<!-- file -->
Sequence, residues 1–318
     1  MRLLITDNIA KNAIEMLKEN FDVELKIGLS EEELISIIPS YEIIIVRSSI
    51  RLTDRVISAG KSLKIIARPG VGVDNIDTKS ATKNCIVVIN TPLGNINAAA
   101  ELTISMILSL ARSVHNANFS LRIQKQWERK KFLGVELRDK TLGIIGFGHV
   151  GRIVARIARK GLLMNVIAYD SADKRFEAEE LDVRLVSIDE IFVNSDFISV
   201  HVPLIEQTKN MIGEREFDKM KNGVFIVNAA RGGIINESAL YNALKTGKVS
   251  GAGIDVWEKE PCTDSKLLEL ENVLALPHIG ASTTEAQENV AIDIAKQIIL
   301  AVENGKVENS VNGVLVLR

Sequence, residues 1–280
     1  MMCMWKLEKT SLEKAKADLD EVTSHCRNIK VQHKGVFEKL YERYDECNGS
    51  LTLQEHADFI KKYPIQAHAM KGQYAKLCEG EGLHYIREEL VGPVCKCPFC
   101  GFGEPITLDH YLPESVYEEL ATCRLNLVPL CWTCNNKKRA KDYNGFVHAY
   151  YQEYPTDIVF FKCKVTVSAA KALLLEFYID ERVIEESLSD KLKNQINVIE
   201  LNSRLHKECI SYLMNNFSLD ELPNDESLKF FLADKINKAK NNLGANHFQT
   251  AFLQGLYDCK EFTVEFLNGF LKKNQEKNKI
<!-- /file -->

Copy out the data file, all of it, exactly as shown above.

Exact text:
Sequence, residues 1–318
     1  MRLLITDNIA KNAIEMLKEN FDVELKIGLS EEELISIIPS YEIIIVRSSI
    51  RLTDRVISAG KSLKIIARPG VGVDNIDTKS ATKNCIVVIN TPLGNINAAA
   101  ELTISMILSL ARSVHNANFS LRIQKQWERK KFLGVELRDK TLGIIGFGHV
   151  GRIVARIARK GLLMNVIAYD SADKRFEAEE LDVRLVSIDE IFVNSDFISV
   201  HVPLIEQTKN MIGEREFDKM KNGVFIVNAA RGGIINESAL YNALKTGKVS
   251  GAGIDVWEKE PCTDSKLLEL ENVLALPHIG ASTTEAQENV AIDIAKQIIL
   301  AVENGKVENS VNGVLVLR

Sequence, residues 1–280
     1  MMCMWKLEKT SLEKAKADLD EVTSHCRNIK VQHKGVFEKL YERYDECNGS
    51  LTLQEHADFI KKYPIQAHAM KGQYAKLCEG EGLHYIREEL VGPVCKCPFC
   101  GFGEPITLDH YLPESVYEEL ATCRLNLVPL CWTCNNKKRA KDYNGFVHAY
   151  YQEYPTDIVF FKCKVTVSAA KALLLEFYID ERVIEESLSD KLKNQINVIE
   201  LNSRLHKECI SYLMNNFSLD ELPNDESLKF FLADKINKAK NNLGANHFQT
   251  AFLQGLYDCK EFTVEFLNGF LKKNQEKNKI